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Pulse Length Dependence on the Decay of the Integrated Pulse Energy/Integruoto impulso energijos slopimo priklausomybė nuo skirtingų impulso ilgių

Medium: journal article
Language(s): lv 
Published in: Journal of Civil Engineering and Management, , n. 3, v. 6
Page(s): 206-212
DOI: 10.3846/13921525.2000.10531588

The paper deals with the influence of the pulse length on the decay of the sound field energy. Six pulse lengths— 2000, 2500, 3000, 3500, 4000 and 4500 ms—were selected for investigations. Investigations show that a 2500 ms pulse is too short to correctly assess the background noise time interval. Such pulse length is not suitable for experiments. 3000 ms is the right length, while 3500 ms may be too long, resulting in errors of measurement results. When the pulse length increases to 4000 ms, the decay starting from 2000 ms is different from the pulse length 2500 ms and 3000 ms. Background noise starts from 2300 ms for these pulses, while for a 4000 ms pulse it starts from 3200 to 3300 ms. The length of 4500 ms is completely not suitable for investigations because the background noise zone starts very early, ie at 1800 ms, while for a short 2500 ms pulse it starts much later, after 2300 ms. While investigating energy decay, it is important to determine the maximum decay. At 63 Hz the sound field decay is almost uniform till— 18 dB. Later the decay character is different. The decay of the longest (4500 ms) and the shortest (2500 ms) pulse after— 18 dB is very steep and reaches—30 dB. However, the decay is influenced by the background noise. Thus the shortest and the longest pulses are not suitable for the lowest frequencies. The greatest energy decay is characteristic of the 3000 ms pulse. After 1700 ms energy decreases to—30 dB. Thus at this frequency one may measure the echoing time while approximating decay from 0 to—20 dB. As the frequency increases, the results change. At 100 Hz the energy decays by— 35–37 dB at pulse lengths of 2500 ms and 4000 ms. The greatest decay of— 42 dB is produced by the longest pulse 4500 ms though this arouses certain doubts. Then the echoing time may be measured from 0 to— 30 dB. At 125 octave frequency the smallest maximum decay of— 40 dB is observed with the shortest pulse (2500 ms), while the largest one— 50 dB is produced by the longest pulse (4500 ms). Thus standard echoing time may be measured for this frequency. In the frequency range of 250–2000 Hz, the maximum energy decay is sufficient and amounts to— 50–60 dB. At 4000 Hz the final part of decay is strongly dependent on the pulse length although, as the decay is about— 55 dB in all cases, the standard echoing time may be measured correctly. Pulse length is important only for the calculation of the low-frequency echoing time. At 63–100 Hz the best maximum decay is seen with the pulse 3000 ms long, while at 125 Hz and over the best pulse lengths are from 3000 to 4000 ms. When the hall contains audience and tapestries are on the walls, the energy decay is almost uniform at the pulse lengths of 2000 to 2800 ms. In this case a better decay is obtained with the longest pulse of 2800 ms.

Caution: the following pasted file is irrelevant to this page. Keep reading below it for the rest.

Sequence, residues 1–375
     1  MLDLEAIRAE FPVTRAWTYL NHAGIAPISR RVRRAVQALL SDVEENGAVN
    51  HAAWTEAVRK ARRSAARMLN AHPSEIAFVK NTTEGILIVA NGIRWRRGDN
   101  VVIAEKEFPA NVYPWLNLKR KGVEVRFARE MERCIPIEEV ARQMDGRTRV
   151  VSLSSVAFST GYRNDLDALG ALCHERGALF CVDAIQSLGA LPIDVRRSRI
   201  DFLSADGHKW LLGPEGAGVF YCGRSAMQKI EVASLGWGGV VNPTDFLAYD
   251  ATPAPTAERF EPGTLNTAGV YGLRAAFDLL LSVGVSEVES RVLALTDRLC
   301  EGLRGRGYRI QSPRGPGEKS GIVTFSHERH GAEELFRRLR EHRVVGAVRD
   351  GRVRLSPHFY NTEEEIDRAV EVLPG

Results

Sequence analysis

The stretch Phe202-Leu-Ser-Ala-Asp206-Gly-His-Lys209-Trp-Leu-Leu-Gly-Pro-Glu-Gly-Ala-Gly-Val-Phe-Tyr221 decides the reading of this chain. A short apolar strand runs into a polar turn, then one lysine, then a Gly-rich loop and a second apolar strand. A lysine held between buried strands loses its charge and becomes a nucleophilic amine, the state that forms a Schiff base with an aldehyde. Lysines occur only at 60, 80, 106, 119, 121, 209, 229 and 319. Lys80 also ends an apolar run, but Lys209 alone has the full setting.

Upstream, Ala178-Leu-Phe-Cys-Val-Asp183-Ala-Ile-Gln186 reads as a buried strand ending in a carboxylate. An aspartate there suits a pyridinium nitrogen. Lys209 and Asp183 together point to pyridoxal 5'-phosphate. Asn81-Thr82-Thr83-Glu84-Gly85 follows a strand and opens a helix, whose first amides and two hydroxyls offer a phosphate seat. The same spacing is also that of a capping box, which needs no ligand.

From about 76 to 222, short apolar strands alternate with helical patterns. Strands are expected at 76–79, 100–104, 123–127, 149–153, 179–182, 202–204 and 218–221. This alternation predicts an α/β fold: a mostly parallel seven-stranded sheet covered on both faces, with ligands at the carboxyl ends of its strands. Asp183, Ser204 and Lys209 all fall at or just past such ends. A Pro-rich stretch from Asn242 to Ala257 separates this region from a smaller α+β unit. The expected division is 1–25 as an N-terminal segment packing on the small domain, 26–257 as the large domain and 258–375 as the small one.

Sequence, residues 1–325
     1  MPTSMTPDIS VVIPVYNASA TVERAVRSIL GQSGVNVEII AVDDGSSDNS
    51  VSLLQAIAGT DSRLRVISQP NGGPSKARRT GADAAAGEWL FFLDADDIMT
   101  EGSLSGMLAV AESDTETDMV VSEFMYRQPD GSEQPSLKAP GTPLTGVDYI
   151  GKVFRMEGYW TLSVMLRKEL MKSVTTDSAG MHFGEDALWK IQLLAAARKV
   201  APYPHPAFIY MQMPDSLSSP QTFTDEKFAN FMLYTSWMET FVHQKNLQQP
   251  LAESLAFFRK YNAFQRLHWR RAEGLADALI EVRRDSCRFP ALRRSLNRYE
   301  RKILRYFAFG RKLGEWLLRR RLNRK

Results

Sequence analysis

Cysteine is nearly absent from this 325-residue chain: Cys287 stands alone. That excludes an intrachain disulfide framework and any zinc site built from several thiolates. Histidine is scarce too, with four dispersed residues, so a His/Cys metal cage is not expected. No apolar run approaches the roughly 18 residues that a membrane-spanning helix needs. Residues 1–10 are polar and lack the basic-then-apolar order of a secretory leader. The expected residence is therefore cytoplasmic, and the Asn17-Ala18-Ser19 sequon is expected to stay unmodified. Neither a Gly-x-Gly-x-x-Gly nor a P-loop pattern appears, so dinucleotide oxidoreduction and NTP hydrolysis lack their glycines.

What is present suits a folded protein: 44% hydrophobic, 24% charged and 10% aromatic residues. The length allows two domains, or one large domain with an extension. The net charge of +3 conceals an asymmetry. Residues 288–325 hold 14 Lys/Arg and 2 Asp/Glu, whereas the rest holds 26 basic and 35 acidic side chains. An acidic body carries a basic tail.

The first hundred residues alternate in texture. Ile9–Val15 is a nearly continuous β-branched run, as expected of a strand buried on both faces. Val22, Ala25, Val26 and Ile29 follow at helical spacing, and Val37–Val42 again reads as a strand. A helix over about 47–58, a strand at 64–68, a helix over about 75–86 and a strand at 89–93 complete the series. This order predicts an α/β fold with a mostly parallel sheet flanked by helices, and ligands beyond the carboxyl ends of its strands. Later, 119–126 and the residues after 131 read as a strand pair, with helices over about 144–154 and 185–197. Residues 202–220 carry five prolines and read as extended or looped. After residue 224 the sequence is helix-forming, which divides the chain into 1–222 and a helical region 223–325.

Copyright: © 2000 The Author(s). Published by VGTU Press.

This creative work has been published under the Creative Commons Attribution 4.0 International (CC-BY 4.0) license which allows copying, and redistribution as well as adaptation of the original work provided appropriate credit is given to the original author and the conditions of the license are met.

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